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time. Time is of the essence for them.

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I await the outcome of the South- eastern Library Education Board's

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decision Sunday. If they do recommend the closure of the school,

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then I will sit down and meet with the parents and the representatives.

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I will debate and discuss all the issues around that development

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proposal. The key - the centre of the decision making of my process

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will be the future well being of the pupils attending that school

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and indeed the surrounding schools in the Lisburn area. May remember a

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couple of months ago we had the brave DUP MLA Wales in the studio

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who signed up as a programme to lose weight. 28 more took part to

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get us all to think more about our health. We caught up with a few of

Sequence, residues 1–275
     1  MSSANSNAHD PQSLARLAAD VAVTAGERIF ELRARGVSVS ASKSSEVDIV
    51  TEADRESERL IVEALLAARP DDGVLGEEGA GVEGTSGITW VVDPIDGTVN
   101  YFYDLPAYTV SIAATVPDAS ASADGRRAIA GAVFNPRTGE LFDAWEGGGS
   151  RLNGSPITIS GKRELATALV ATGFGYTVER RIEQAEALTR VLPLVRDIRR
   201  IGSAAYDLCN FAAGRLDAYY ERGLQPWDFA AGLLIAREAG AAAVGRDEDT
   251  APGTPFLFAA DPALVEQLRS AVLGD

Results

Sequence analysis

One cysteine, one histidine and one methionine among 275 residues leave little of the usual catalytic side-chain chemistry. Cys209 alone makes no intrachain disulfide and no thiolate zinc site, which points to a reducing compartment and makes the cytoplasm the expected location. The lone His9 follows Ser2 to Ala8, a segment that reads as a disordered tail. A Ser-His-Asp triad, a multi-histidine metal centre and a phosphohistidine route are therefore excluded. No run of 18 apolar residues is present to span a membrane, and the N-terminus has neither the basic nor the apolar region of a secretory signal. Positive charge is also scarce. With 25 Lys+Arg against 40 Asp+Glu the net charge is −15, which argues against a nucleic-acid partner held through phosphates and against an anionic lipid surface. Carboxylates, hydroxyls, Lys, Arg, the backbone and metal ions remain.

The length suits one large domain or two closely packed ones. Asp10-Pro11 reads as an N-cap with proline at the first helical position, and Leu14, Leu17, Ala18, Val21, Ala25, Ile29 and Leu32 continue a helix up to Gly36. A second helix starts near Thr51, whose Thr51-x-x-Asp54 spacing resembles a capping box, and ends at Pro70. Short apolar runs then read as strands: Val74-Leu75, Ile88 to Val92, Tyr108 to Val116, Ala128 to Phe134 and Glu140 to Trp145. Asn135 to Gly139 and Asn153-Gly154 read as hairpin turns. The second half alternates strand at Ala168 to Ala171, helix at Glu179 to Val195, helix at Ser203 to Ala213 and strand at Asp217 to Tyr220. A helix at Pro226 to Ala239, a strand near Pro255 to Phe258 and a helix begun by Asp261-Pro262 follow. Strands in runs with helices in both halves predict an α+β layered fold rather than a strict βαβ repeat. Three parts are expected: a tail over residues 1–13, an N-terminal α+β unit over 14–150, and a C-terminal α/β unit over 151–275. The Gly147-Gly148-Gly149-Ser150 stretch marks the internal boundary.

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them to see how they have got on. feel I have got on, probably didn't

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lose as much as I would have liked, but I am happy I have lost two

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inches from around my waist. That's great. I am delighted about that,

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and generally speaking very happy with how it's went, brilliant

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support from the people at Safe Foods. I lost four pounds. I think

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I have possibly moved up and down a little bit in between. But I think

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the key thing is the weight I have lost I have kept off. I am pleased

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about that. If I let you into a bit of a secret, I am a qualified

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nutritionist. That's what I did my degree in. I should know better. I

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need the humiliation of being weighed in public to get me to do

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something about it. A disaster, unfortunately. I have lost no